Simone Browne writes about the phenomenon of “digital epidermalization,” where digital technologies are thought to produce a “truth” about the body which can’t be revealed by the person alone. We see this kind of thinking in police forces who might blindly trust an algorithm’s assignment of guilt  without bothering to check someone’s alibi, leading to a wrongful arrest. But however ineffective it may be toward its intended purpose, biometric surveillance has successfully created a hierarchy of inherent worth, one underpinned by outdated ideas about criminality and desirable behavior from centuries ago, when physiognomy was viewed as a legitimate science—a way of telling whether someone was trustworthy or likely to commit a crime based on the way that their forehead or nose was shaped. Obviously, these hierarchies don’t spring up fully formed; they reflect preexisting biases and systemic oppression within societies. But biometric surveillance in its current form only reifies these ideas.

These systems also work in tandem with techno-utopian beliefs about the way that the world works: the idea that fundamentally political matters, like how to make our cities better places to live in, can be solved with indiscriminate data collection. The lure of Silicon Valley solutions is that they present as objective and rational, running on nothing but numbers and cold, hard reality.

These systems legitimate the viewpoint that any data collected, even without a specific reason, can end up being valuable at some point.

Of course, the fact is that many of these technologies are unproven in the wild, and often they are used on unwitting individuals in their very first excursions. The accuracy rate of the automated facial recognition that has been rolled out by police across the UK is just 19 percent, according to an independent review of two years of FR trials. Voice recognition systems, which already exist in commercial devices like Alexa, misidentify words spoken by black people up to 16 percent more often than they do words spoken by white people.  But whenever there’s a possibility to make a profit, Silicon Valley’s emphasis on the infallibility of numbers seems to fade away. “Most industries use some form of specialist expertise, which is then held accountable through public engagement; in public services, usually that’s measured by impact, and in technology, it’s usually measured by adoption,” writes Sean McDonald in “Technology Theatre.” The success of technologies like facial recognition or palm print recognition isn’t measured by its accuracy or even the value of its use case—just by how many people use it regardless.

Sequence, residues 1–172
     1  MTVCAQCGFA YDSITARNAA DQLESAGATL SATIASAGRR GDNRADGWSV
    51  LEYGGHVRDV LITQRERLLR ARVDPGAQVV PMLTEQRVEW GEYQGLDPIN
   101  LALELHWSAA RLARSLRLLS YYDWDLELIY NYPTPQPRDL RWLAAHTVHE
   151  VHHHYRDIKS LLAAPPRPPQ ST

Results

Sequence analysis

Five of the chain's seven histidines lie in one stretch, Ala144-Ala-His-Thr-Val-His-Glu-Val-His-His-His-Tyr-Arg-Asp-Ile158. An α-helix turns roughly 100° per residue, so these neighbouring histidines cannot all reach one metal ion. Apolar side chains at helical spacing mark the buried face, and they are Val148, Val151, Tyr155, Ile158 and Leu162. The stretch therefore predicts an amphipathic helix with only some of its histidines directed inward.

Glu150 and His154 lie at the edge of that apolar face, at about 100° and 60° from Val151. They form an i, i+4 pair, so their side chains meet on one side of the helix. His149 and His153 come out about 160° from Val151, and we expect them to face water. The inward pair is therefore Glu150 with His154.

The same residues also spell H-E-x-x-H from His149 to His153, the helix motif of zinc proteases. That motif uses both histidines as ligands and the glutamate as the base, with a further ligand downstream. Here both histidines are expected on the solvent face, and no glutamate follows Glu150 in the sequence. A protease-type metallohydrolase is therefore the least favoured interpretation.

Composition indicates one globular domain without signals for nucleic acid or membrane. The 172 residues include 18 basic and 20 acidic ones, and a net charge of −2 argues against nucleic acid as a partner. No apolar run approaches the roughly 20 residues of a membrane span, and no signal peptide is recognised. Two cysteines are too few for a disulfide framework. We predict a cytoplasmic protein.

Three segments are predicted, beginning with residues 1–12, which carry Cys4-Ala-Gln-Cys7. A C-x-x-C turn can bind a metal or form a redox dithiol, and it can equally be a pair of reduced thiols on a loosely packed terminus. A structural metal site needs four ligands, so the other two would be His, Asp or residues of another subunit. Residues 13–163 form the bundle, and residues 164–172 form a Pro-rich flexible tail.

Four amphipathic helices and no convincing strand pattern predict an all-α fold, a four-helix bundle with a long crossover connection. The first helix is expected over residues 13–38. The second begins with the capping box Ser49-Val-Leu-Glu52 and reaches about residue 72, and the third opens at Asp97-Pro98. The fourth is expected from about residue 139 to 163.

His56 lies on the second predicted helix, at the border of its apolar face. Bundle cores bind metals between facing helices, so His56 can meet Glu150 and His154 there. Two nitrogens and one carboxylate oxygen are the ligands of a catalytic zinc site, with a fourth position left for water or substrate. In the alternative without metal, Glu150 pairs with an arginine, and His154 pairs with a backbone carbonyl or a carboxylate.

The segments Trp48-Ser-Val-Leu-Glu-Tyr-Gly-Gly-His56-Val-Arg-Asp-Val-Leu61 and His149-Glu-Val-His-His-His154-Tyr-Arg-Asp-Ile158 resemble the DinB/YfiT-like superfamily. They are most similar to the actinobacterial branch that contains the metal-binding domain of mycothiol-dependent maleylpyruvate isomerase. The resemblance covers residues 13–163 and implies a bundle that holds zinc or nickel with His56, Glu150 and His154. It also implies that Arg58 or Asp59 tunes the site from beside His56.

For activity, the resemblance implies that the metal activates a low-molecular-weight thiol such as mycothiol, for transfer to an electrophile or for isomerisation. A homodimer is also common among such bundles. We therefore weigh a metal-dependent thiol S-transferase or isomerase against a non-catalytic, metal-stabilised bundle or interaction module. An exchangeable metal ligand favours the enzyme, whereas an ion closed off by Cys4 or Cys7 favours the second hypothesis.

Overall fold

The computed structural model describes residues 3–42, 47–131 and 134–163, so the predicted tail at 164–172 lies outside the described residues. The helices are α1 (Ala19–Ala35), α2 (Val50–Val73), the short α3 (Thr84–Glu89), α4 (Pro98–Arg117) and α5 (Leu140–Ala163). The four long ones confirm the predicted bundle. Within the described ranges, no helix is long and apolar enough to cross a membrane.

Such hypocrisy is not exclusive to tech startups. But biometric surveillance isn’t just harmful because it’s often inaccurate. These systems also legitimate the viewpoint that any data collected, even without a specific reason, can end up being valuable at some point—even if it means inventing a use for it. Emotion recognition systems, for example, are trained on the assumption that some tics or facial movements registered by computer vision systems naturally betray the actual emotions that a person is feeling. Of course, people smile when they see their friends, or laugh when they watch something funny, but we smile for other reasons too, like discomfort or out of politeness. This seems entirely logical—and surely anyone who has been outside or interacted with someone else would know this—so there must be another reason that Amazon is  rolling out a fitness wrist band, Halo, which can apparently detect emotion in users’ voices. Firms and startups that use emotion recognition technology aren’t trying to understand people better, or to improve their social skills.  Rather, they want to use this information to modify people’s moods, or to monitor their reactions to a particular product in the hopes of making it more desirable.

Writing in OneZero, Jathan Sadowski suggests taking a Marie Kondo-esque approach to dismantling surveillance infrastructure, from predictive algorithms to hidden stingrays. If it doesn’t improve human well-being or social welfare, then it’s worth getting rid of. But decision-makers in a police department, or a congressman running for re-election in a town that’s been rocked by protests, are likely to view “social welfare” through a different lens than I do. And as Os Keyes points out in Real Life Mag, it’s not enough to just get rid of individual technologies, because “leaving the skeleton of the surveillance infrastructure intact means quite simply that it can be resurrected.” Tearing this entire infrastructure  down to its studs—and making it impossible to build on—is the only way forward.